Svalbard reindeer as an indicator of ecosystem changes in the Arctic terrestrial ecosystem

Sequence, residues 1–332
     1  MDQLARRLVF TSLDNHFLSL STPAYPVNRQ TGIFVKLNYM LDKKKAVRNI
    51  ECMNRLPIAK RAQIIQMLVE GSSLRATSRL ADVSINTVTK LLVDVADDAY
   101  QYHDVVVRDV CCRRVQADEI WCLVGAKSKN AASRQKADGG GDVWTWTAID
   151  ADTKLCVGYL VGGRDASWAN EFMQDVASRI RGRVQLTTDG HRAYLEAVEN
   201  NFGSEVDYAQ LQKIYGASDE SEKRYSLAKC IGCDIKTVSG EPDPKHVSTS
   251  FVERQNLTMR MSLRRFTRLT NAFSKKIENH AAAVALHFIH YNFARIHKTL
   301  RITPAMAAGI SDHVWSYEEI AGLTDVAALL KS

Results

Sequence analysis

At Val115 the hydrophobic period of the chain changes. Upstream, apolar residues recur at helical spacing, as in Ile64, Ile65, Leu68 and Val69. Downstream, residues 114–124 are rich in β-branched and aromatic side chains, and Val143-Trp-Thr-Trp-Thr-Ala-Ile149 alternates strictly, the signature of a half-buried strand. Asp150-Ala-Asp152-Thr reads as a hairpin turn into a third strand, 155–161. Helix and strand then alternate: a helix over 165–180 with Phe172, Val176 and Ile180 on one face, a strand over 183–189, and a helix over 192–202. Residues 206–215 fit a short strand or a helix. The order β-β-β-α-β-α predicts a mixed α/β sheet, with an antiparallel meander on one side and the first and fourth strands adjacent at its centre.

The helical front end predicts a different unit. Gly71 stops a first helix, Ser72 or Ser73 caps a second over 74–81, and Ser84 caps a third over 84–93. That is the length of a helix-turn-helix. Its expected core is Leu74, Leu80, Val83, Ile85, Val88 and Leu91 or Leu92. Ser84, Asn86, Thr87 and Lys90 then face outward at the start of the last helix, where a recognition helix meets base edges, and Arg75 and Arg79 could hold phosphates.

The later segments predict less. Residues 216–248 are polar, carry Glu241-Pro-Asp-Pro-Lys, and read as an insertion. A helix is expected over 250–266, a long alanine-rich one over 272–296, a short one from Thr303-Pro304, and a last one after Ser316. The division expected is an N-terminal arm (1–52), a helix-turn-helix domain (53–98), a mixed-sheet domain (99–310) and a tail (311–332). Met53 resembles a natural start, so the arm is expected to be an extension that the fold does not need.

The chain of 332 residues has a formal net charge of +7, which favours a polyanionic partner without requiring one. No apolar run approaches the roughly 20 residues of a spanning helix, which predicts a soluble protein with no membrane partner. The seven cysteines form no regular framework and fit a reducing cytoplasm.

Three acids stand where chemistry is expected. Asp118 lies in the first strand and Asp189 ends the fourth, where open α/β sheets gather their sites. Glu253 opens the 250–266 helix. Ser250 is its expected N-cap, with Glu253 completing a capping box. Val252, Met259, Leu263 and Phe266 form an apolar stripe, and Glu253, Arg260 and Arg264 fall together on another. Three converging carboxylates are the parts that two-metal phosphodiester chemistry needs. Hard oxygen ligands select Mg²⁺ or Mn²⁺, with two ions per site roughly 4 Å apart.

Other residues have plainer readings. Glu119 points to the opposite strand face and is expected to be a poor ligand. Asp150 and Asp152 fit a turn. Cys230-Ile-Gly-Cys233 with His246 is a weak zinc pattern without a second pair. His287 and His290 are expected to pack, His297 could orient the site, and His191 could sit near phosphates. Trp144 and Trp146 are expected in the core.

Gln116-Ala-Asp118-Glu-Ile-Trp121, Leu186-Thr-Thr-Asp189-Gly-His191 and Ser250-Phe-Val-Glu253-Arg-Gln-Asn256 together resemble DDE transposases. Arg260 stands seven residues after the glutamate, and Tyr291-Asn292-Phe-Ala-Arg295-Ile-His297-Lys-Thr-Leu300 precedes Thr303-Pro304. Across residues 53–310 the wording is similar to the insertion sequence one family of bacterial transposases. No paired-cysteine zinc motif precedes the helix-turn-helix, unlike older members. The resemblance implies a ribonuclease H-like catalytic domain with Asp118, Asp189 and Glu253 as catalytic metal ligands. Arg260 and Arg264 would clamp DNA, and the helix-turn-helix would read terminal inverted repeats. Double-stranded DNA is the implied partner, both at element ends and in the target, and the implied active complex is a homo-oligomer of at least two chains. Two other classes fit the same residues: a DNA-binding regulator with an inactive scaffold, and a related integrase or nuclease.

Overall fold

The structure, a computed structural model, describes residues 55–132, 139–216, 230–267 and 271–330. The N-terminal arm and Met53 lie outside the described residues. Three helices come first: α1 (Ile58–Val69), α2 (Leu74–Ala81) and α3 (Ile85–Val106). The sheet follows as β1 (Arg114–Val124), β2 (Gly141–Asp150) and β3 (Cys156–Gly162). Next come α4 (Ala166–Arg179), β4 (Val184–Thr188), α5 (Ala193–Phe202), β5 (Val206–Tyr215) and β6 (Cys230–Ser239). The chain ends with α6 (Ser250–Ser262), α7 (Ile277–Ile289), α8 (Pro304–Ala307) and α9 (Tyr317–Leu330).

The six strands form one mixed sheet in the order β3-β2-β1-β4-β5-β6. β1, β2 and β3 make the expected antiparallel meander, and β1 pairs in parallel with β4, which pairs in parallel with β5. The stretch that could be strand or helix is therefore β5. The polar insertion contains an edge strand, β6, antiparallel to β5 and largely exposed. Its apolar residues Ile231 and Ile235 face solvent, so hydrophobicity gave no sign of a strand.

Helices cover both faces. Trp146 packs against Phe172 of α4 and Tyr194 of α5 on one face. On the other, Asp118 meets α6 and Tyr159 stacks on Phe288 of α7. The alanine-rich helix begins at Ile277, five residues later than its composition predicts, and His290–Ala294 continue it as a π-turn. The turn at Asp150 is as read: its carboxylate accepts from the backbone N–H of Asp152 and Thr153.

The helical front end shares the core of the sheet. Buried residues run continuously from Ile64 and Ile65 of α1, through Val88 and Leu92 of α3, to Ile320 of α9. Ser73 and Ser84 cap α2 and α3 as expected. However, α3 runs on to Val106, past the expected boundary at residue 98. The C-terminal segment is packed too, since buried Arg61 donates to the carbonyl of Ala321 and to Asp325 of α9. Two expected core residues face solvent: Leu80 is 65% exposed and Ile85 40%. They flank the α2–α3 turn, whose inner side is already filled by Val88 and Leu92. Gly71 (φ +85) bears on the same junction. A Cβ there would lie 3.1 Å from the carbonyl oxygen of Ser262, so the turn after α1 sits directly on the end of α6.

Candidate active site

Over the years, noticeable effort has been directed towards contaminant determination in multiple biotic samples collected from the inhabitants of the Arctic. Little consideration has been given to polar herbivores, however, especially those from the European parts of the Arctic. To provide a broader perspective, we aimed to decipher trace element concentration in hairs of the key species in the Arctic, namely the Svalbard reindeer (Rangifer tarandus platyrhynchus), and to recognise whether diet variations could correspond with forward exposure. The effect of habitat and diet was investigated using the ratios of stable isotopes of carbon (δ13C) and nitrogen (δ15N), and previous literature studies on vegetation from the areas of interest. Analysis was performed for eighteen elements in total, both toxic and essential. Metals were present in a decreasing order Fe > Zn > Ba > Cu > Pb > Cr > Ni > V > Ga =La > Rb > As > Li > Co > Hg > Cd > Cs > Be. Similarity in trends in the studied subpopulations was observed for many metals. A significant log-linear correlation was observed for most of the elements, excluding nitrogen and carbon isotopes signature. Extremely high iron levels were determined in some of the samples, suggesting past iron overload. Zinc, in contrast to the remaining metals, did not correlate well with any other element. Mercury was determined at very low levels, in accordance with previous literature regarding its concentrations in moss and lichen species in Svalbard. The analysis of stable isotopes showed a high variation in nitrogen isotopes signatures. Further research is required to properly evaluate the potential health risks and ecological implications of elevated exposure.
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